The headland at the southern end of Alexandria Bay has several very photo-worthy features, the first being Lion Rock which lies only 15-20 metres off the mainland from which it is separated by a deep channel. You can scramble down the rocks to photograph Lion Rock in isolation or as part of a wider scene that includes part of the headland. The easiest access point places Lion Rock to your east so it can be photographed at sunrise with the sun rising behind it.
On the other side of the headland from Lion Rock is another steep-sided cove known as the Devil’s Kitchen. There are some great views available down into the Kitchen where waves smash against the sheer cliffs – but as with Hell’s Gates, the cliff edges are crumbly and a safe approach is necessary. The tip of the headland on the northern side of Devil’s Kitchen offers great views down the coast to the south and over Lion Rock to the north.
The next little cove to the south of Devil’s Kitchen is a gem, with a short secluded beach of sand and boulders, and an unusual, isolated rock column at its southern end. You can access this cove by scrambling around the rocks from the Kitchen, or by taking a steep and uneven path that leads down from the main track. The cove faces to the south-east and is a great spot for a sunrise photo session.
Another ten minutes walk to the south brings you to the southern boundary of the National Park and Paradise Caves. A rough track leads to a spot that overlooks the main cave which has been gouged out of the cliff face by wave action. It is tempting to climb down to the boulder-floored cave but the access is relatively steep and devoid of good hand-holds. I wouldn’t try it unless the tide was low, the swell small, and the rocks completely dry – and even then it’s not for everyone. But there are plenty of other photographic options at this spot, with views to the north and south and an interesting rock platform to the east.
Once you descend from the headland, it’s a ten minute walk along the beach to the nearest car-park at Sunshine Beach. When I’m targeting the southern part of the National Park from Paradise Caves to Alexandria Bay, I park at Sunshine Beach and walk from there. The other features to the north are more easily accessed from Noosa Heads.
Most of the locations described above are unaffected by any artificial light and so are good options for night landscape photography. Only at the southern end of the park near Sunshine Beach will you see the lights of suburbia, and these will only figure in your images when you are shooting towards the south.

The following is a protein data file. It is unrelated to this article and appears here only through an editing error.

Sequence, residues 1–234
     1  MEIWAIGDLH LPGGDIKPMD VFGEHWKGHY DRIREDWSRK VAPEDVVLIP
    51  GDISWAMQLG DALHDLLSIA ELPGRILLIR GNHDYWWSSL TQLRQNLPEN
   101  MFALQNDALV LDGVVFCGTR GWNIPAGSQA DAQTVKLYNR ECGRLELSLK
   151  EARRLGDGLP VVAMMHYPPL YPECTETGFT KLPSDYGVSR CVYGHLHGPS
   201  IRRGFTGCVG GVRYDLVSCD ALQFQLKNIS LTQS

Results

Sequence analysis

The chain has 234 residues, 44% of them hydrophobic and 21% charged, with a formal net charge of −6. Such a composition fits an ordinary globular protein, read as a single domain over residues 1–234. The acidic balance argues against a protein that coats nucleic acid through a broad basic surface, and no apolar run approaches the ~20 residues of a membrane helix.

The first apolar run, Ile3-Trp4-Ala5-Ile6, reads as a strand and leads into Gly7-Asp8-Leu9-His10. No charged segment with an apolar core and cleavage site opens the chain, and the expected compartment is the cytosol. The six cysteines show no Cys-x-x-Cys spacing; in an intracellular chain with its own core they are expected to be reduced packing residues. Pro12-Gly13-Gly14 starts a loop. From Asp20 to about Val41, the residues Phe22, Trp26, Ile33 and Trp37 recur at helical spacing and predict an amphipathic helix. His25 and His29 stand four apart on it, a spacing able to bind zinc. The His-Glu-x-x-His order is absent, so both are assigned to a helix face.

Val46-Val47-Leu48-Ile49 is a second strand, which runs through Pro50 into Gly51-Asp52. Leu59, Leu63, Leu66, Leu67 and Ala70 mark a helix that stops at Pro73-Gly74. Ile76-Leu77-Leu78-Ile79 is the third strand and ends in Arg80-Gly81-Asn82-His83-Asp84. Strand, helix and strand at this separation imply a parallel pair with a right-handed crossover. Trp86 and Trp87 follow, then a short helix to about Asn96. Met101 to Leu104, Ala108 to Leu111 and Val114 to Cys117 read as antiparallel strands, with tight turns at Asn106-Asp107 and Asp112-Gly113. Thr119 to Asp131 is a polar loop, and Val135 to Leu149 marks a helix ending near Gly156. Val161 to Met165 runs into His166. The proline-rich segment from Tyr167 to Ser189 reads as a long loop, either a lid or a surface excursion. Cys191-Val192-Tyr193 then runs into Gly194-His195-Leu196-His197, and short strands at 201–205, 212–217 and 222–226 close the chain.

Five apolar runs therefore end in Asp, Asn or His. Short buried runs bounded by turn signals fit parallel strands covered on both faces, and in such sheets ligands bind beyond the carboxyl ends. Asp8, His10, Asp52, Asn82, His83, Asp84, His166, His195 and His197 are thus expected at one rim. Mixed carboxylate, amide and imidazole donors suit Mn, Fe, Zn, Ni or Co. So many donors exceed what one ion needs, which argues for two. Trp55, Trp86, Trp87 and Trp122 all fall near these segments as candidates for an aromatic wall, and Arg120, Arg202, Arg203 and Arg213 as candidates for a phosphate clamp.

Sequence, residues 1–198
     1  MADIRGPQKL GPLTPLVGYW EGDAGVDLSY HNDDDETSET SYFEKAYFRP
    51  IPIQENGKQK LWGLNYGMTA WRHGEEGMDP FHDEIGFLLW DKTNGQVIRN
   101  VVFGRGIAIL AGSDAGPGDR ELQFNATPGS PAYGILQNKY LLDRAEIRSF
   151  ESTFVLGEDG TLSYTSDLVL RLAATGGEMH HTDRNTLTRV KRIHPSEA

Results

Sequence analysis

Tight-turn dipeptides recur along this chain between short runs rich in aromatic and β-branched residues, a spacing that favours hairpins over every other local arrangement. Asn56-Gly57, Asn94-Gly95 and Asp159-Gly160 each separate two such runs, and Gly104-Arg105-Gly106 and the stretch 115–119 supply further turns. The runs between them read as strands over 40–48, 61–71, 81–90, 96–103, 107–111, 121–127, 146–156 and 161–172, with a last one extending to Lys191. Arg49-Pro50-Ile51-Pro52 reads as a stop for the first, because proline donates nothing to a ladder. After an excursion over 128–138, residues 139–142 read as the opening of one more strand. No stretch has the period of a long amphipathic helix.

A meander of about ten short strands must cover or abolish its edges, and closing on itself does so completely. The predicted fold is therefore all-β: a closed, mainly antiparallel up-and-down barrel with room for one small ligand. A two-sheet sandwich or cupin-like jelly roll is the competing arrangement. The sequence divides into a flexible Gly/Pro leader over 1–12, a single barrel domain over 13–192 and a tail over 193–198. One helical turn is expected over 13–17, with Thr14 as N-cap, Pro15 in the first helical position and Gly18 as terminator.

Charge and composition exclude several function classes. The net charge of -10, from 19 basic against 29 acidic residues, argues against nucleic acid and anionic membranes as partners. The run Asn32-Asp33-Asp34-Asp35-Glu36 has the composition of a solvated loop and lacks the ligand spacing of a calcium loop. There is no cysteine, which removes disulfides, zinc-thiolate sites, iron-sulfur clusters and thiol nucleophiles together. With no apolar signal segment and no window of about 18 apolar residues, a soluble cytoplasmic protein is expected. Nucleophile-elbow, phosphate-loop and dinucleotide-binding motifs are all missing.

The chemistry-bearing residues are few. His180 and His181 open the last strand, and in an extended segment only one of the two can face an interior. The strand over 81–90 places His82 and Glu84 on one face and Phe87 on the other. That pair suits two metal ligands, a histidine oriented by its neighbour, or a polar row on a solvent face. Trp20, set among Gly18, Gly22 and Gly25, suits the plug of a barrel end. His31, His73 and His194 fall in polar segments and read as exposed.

As with any seascape photography, it pays to have a selection of neutral density filters handy to give you control over your shutterspeeds. If you use ND grads, they will certainly come into play at sunrise and sunset, and a polariser is useful for cutting glare once the sun is up and for seeing into rockpools. When the seas are up, there will be lots of saltspray flying around, so several spare cleaning cloths and a spray-proof bag to slip over your camera are a must. You should be prepared to get your feet wet when searching for compositions around the beaches and rocks – I use old sports shoes, but sandals are another good option. Biting insects can be a problem in summer so don’t forget the bug spray.
Best Time of The Day
There are good photographic options to be found at any time of day, but sunrise is the prime time especially in the southern area where the beaches face to the east.
Low or dropping tides provide the most options around the rocky headlands and are generally safer when the seas are rough. But there are enough high vantage points that you can find great images even when the sea is very rough and the tides high. Just be extra careful around the cliff edges.
Strong easterly winds will cause the most difficulties, but there are always protected areas behind headlands and on secluded beaches no matter what the wind is doing.
You can park either at the main park entrance at Park Road, Noosa Heads, or at the little carpark on Seaview Terrace, Sunshine Beach. The Coastal Track follows the coastline around between these two locations. There is a map of the walking tracks here.